6th Annual Symposium
Physics of Cancer
September 7-9, 2015
|PoC - Physics of Cancer - Annual Symposium|
The biomechanical and epigenetic regulation of caspase-8 in wound-healing and cancer
Institute for Stem Cell Biology and Regenerative Medicine, National Centre for Biological Sciences, Tata Institute of Fundamental Research,, GKVK, Bellary Road, Bangalore 560065, India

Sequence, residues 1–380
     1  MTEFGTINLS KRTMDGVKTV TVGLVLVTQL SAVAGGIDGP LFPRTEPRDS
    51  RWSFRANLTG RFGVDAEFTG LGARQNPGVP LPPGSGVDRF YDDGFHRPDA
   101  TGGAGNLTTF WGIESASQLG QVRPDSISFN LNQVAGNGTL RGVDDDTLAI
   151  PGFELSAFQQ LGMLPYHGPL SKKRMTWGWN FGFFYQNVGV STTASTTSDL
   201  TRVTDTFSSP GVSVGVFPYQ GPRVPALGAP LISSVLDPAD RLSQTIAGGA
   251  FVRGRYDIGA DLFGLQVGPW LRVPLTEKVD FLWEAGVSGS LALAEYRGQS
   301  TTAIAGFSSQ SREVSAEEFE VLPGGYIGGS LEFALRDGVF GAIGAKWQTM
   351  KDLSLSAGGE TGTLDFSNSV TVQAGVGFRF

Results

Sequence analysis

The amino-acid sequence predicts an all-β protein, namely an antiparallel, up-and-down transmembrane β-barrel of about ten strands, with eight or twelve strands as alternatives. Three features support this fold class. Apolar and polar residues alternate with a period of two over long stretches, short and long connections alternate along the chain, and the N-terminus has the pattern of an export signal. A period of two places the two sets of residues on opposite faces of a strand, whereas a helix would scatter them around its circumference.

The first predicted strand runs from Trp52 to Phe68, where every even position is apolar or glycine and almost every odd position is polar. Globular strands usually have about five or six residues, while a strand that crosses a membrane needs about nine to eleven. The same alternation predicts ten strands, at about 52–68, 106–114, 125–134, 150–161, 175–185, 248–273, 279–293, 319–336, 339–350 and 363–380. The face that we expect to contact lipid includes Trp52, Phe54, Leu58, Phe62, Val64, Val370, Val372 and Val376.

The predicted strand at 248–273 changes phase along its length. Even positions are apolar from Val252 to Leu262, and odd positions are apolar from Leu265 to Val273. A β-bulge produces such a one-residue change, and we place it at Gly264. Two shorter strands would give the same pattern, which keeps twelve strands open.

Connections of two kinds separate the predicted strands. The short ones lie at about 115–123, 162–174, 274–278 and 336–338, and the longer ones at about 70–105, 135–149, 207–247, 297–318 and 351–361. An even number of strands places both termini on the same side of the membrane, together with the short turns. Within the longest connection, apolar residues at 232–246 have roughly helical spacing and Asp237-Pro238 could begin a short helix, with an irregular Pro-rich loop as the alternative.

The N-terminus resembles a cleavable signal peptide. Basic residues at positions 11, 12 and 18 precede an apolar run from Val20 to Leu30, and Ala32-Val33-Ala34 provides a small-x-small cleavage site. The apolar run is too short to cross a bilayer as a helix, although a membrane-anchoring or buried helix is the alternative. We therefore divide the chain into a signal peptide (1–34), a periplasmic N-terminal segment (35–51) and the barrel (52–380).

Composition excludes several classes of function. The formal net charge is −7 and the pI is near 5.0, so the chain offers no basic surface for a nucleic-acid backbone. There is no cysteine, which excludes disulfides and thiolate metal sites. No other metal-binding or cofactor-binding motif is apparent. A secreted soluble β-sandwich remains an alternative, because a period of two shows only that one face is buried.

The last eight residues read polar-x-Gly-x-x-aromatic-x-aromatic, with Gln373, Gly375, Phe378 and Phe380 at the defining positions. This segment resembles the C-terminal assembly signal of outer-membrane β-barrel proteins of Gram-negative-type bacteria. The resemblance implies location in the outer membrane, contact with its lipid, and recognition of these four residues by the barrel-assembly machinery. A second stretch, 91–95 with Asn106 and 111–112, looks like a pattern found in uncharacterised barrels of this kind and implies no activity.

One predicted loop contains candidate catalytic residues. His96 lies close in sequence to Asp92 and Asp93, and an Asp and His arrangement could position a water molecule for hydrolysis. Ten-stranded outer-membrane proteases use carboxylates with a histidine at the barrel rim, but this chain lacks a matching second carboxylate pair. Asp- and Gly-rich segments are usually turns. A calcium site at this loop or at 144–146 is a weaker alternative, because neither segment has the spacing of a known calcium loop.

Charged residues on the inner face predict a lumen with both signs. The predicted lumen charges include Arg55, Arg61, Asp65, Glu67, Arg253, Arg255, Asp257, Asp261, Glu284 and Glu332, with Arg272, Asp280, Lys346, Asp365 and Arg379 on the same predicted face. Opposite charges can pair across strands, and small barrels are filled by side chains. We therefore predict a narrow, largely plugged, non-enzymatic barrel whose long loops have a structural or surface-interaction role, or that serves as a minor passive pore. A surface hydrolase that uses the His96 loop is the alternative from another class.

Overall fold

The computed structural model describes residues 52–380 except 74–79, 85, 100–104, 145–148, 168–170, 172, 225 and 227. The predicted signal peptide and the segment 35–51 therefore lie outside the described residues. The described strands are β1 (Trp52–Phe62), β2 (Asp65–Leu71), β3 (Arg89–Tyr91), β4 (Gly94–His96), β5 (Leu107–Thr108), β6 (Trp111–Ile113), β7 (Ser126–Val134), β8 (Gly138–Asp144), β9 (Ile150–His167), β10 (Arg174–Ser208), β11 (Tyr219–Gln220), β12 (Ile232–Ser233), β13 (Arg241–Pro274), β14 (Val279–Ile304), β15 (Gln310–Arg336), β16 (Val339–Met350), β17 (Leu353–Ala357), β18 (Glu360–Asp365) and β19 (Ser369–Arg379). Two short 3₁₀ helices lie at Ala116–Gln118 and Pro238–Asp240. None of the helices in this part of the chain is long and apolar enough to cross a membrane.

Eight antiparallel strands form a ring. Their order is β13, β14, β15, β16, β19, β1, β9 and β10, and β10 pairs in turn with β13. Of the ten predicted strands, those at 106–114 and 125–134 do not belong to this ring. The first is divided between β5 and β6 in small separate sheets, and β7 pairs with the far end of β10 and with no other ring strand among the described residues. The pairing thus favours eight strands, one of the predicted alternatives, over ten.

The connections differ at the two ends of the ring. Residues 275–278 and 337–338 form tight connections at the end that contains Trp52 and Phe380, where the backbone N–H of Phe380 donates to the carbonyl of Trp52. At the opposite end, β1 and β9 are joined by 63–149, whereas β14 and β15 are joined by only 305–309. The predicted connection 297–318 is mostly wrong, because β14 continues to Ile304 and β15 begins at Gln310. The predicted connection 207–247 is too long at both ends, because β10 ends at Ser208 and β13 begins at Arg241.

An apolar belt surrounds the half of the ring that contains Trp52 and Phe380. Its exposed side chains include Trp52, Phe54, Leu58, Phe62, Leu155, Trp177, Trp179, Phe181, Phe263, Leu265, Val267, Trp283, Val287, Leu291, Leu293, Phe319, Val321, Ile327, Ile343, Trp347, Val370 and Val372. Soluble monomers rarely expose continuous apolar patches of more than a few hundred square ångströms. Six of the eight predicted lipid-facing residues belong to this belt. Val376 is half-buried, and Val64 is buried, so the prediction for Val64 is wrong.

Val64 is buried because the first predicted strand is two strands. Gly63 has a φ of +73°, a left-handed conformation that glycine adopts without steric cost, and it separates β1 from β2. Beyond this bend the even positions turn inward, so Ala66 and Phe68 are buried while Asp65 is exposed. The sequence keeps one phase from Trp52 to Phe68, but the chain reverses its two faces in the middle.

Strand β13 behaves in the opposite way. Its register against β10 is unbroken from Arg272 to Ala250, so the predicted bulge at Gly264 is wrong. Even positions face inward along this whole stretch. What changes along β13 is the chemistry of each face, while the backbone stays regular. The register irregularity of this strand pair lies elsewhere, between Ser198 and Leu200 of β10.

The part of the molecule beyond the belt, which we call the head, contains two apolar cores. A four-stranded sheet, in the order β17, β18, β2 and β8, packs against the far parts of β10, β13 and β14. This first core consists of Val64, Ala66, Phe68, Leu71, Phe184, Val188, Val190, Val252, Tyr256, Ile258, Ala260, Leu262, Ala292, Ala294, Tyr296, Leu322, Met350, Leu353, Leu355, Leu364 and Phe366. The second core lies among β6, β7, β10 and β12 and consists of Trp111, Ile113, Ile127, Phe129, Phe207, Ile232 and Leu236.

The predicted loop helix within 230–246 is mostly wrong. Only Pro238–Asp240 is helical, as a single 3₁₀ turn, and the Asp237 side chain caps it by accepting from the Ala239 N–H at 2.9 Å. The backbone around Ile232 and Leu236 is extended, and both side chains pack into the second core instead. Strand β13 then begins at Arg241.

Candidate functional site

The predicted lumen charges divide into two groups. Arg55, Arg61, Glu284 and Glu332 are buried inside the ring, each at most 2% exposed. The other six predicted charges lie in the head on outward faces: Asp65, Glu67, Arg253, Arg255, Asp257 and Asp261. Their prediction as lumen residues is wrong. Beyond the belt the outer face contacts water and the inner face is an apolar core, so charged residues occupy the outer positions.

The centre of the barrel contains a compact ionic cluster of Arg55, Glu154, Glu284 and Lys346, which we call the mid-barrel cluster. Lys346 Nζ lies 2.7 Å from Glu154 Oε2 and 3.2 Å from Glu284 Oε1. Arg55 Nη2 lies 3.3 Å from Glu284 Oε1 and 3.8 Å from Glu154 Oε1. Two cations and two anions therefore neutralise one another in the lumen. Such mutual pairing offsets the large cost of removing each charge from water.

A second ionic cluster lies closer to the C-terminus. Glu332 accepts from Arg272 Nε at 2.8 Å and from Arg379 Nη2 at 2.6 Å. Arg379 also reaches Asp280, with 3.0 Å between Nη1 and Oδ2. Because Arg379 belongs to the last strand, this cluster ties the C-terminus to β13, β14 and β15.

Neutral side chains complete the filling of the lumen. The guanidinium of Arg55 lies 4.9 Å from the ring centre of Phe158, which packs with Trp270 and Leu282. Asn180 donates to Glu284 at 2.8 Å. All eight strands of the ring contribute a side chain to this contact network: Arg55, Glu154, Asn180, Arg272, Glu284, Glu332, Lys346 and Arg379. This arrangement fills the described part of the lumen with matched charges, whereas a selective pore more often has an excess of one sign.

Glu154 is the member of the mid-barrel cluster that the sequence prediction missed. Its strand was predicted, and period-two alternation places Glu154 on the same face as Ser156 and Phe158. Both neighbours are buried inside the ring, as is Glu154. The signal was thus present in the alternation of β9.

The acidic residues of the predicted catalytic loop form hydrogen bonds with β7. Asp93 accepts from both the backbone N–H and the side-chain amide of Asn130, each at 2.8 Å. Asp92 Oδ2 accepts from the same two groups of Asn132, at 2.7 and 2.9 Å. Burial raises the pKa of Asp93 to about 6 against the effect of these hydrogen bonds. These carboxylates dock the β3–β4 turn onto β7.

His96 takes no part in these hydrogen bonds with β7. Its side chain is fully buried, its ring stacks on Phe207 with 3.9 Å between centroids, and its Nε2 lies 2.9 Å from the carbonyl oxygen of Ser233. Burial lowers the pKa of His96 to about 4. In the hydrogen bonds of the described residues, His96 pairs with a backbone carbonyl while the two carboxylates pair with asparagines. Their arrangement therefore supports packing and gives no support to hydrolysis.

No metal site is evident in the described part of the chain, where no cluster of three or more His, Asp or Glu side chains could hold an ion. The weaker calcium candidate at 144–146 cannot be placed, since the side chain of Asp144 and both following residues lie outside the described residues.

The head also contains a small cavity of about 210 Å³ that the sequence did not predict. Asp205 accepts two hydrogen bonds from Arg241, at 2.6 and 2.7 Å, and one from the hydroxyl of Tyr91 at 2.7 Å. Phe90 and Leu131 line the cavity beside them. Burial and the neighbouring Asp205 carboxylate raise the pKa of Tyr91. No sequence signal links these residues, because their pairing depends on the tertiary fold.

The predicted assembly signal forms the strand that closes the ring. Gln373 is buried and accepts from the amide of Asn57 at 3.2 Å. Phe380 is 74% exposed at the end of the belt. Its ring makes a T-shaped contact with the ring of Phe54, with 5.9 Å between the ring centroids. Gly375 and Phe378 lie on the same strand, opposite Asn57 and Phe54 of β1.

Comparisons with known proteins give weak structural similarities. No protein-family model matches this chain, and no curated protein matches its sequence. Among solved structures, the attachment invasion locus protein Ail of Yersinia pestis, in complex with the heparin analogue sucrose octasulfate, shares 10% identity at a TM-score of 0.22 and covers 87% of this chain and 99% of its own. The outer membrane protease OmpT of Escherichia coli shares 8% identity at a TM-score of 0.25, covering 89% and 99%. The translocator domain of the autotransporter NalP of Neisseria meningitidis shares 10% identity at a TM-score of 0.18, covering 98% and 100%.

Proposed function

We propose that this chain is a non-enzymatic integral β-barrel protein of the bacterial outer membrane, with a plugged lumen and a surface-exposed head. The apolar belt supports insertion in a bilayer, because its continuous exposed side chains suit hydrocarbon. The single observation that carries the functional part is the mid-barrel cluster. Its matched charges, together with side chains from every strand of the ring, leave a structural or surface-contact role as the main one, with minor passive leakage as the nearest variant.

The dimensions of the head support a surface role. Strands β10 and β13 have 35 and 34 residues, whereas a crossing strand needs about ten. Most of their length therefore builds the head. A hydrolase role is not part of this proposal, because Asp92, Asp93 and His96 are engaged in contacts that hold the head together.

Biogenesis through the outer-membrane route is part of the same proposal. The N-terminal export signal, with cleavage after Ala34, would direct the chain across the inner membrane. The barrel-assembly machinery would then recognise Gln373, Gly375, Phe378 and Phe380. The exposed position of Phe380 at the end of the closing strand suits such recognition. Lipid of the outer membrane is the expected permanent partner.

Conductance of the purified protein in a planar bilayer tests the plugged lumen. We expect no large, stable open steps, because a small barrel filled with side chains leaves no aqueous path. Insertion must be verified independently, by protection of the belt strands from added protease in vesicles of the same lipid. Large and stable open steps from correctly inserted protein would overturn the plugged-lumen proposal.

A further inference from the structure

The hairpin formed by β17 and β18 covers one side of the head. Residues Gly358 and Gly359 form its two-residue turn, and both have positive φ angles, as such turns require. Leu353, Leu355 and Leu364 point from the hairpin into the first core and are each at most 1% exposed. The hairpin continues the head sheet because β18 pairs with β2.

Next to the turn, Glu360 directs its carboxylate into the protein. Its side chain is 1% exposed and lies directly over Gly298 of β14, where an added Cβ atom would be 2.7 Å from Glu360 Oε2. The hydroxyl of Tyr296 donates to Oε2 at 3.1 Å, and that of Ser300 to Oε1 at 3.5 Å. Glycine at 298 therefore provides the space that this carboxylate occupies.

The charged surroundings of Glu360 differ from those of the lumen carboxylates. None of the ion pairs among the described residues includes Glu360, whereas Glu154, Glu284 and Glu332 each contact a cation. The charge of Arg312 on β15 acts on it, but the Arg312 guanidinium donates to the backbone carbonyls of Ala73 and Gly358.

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It has long been appreciated that the molecular understanding of wound healing will offer novel insights into cancer progression, which has striking similarities to an “over-healing wound”. Cancer formation is an exploitation of tissue repair processes where tumor stromal development, cancer cell proliferation, and metastasis closely mimic the inflammatory, proliferative and remodeling phases of the wound healing response. We previously found that the down-regulation of caspase-8 in the epidermis is sufficient to initiate a signaling cascade that mimics the wound healing response in the absence of any tissue damage. These results also uncovered a non-apoptotic role for caspase-8 and suggest that the loss of this protein can fuel many processes that are critical for tumor progression and metastasis. Interestingly, the similarities between cancer and wound healing were extended by recent genome-wide analyses of multiple cancers that revealed mutations in both the active and regulatory regions of caspase-8. However, the mechanisms by which cells sense the injury and how the down-regulation of caspase-8 is achieved in a physiological response or in pathological conditions are largely unknown. Using in vivo and in vitro model systems, we found that DNA methyltransferases (DNMTs) play an important role in the dynamic regulation of caspase-8 and its downstream functions during tissue repair. These results are consistent with reports of elevated DNMT activity in various carcinomas. Moreover, we discovered that changes in intercellular mechanical forces govern the methylation status of caspase-8 through DNMT activation. This observation aligns with increasing data that cancer progression is susceptible to mechanical signals resulting from changes in tissue stiffness. Our findings provide new clues into how the epigenetic regulation of caspase-8 would not only protect cancer stem cells from death signals, but also provide a framework for how they usurp the wound-healing program to promote tumor growth and dissemination.